Feb. 12, 2013; Tempe, AZ, USA: Los Angeles Angels pitcher Jered Weaver throws during spring training at Tempe Diablo Stadium. Mandatory Credit: Mark J. Rebilas-USA TODAY Sports
Every year Baseball Prospectus releases an elaborate projection system called PECOTA that was originally conceived by Nate Silver, a man whose algorithmic-predictive ability gained him notoriety outside of the realm of baseball this past fall when he very accurately predicted the outcome of the 2012 Presidential race.
You have to be a subscriber of BP in order to view the full projections which are quite comprehensive—and especially useful for fantasy purposes. Even if you have no interest in PECOTA or fantasy baseball, you should get a BP subscription—trust me, you won’t be sorry.
Anyway, the PECOTA projection system behaves in much the same way as other, similar projection systems in that it uses an elaborate algorithm which takes into account player histories, traditional aging curves and models of regression to project the statistics of players for the coming season. These statistic combine to give each player a specific value in terms of runs added which are then combined with the other players on their team to give each team a projected run differential. These run differentials are then used to project a team’s record for the coming season.
So how did the Angels fair in the 2013 projections?
Before we answer that question, it’s important to note a few things about projection systems if you’re unfamiliar with them.
First, a projection is not a prediction. A prediction is a subjective and usually informed guess as to how well a player or team will do. A projection is a computer-generated outcome which uses pre-determined variables to spit out a series of numbers. This is an important distinction as PECOTA—or any other projection system—is not subjective. If you think the projection is high or low on a player or team, there is no one to blame or to call an idiot.
Secondly, it’s important to realize that projection systems are naturally conservative—and PECOTA is particularly so. Seasons like Mike Trout’s 2012, for instance, are extremely rare and are often outliers. Seasons like that are at a very unlikely percentile and so no projection system can predict them. In fact, it would be irresponsible for them to do so.
Taking that into account, you will rarely see a 100-win or 100-loss projection on a team level as those types of seasons are not just the result of on-the-field talent, but also of luck and random variation. Projection systems are not equipped to handle luck.
So now that I’ve wasted 400 words of your valuable time, let’s get to some of the Angels projections for 2013.
The first thing to note is that the Angels are projected to win 90 games—the most in the AL West. The Rangers are at 87, the A’s at 83, Seattle at 79, and the Astros at 63. Remember what I said about 100-loss seasons a couple paragraphs ago? That should give you some idea of how terrible the Astros actually are.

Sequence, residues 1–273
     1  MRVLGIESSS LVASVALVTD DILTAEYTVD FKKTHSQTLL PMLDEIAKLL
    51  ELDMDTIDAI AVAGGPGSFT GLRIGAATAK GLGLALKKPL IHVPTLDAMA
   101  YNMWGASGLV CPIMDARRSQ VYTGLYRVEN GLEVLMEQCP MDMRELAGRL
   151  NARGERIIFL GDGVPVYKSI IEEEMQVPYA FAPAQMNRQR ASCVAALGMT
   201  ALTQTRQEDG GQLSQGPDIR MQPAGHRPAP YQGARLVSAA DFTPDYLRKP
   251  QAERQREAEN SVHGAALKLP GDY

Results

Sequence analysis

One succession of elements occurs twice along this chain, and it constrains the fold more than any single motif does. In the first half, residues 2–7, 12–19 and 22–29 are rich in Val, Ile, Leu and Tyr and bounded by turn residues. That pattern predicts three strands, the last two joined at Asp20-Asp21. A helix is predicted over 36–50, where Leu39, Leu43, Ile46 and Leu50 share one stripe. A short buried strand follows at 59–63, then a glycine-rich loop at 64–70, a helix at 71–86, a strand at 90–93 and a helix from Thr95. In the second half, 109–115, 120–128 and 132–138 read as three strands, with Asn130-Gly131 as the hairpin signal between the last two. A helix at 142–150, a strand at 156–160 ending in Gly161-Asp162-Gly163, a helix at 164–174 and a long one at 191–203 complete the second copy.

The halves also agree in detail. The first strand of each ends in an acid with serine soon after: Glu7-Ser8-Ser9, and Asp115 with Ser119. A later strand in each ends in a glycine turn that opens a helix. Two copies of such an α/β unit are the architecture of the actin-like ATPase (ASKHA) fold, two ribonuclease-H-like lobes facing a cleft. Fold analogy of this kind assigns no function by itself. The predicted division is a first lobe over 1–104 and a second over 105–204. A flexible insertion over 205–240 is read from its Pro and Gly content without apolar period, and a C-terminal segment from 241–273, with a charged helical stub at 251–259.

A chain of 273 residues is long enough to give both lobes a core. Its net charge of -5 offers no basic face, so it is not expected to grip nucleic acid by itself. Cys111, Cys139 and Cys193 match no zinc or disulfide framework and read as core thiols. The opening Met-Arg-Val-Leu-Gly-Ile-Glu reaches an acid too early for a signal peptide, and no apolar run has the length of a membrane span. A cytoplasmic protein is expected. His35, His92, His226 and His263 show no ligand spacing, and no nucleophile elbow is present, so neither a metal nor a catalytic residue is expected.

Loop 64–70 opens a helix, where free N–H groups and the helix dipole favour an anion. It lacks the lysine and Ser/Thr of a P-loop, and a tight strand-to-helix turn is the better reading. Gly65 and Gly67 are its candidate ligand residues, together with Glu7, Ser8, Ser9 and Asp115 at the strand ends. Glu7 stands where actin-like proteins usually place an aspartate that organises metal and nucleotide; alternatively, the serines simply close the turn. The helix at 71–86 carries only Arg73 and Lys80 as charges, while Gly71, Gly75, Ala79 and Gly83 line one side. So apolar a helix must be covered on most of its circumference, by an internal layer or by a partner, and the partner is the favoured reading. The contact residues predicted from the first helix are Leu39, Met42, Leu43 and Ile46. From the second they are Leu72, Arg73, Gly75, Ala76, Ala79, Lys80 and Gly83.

90 wins for a team with the Angels talent may seem on the low side, but like I said, PECOTA is conservative—only the Tigers and Yankees (both at 92) are projected to have more wins in the American League.
On an individual level, the two best players on the Angels according to PECOTA will be, unsurprisingly, Albert Pujols and Mike Trout; what may surprise you is the order. Pujols is projected to lead all of baseball with a 6.9 WARP (Baseball Prospectus’ Wins Above Replacement metric, which you can read about here), while Trout is projected for a 5.3 WARP season.
Again, Trout’s numbers may seem conservative once you consider that Baseball Prospectus rated him as contributing more than nine full wins above replacement in 2012, but there’s at least a decent chance that Trout’s breakout season will also end up being his best season. A 5.3 WARP still puts Trout among the very best players in baseball according to PECOTA. And let’s all keep in mind that he’s still just 21. 9-10 WAR seasons do not come along often unless you’re Barry Bonds.
Other notable projections include Mark Trumbo who PECOTA projects to hit 30 home runs with a typically low on-base percentage of .303, which is probably bullish considering how terrible he was last season after June.
Josh Hamilton projects to hit some regression in 2013 with a .334 on-base percentage and a significantly lowered .486 slugging percentage to go along with 27 home runs. If he stays healthy over a full season, one would have to think he’ll at least slug a little higher than that.
On the pitching side, Jered Weaver naturally projects to be the Angels’ best pitcher with a 3.03 ERA and a 4.0 WARP, while C.J. Wilson and Tommy Hanson project to be firmly average at around 2 WARP a piece. Joe Blanton projects to be below-replacement level which seems unlikely when you consider the move to a more pitcher-friendly environment at Angels Stadium and also considering he’s never posted such pitiful value before. With his flyball tendencies and a terrific outfield defense in Anaheim, it’s difficult to see Blanton being that bad.
Ryan Madson, Scott Downs and Sean Burnett all project for solid, but not spectacular, seasons out of the bullpen and PECOTA predicts a little negative regression for Ernesto Frieri.
Overall, the PECOTA system really seems to like the Angels and it’s hard to argue given the high-end talent on the roster. Entering in a little subjective opinion, I think the system is a little bullish on Pujols and perhaps the same can be said of Trumbo and Weaver, but I also think it’s a little low on C.J. Wilson, Joe Blanton and Jason Vargas (who projects to a 0.9 WARP) provided all three can stay healthy in 2013.
For a full breakdown (with spreadsheets and charts, y’all!) of the PECOTA projections for all 30 teams, head on over to Baseball Prospectus and get a subscription.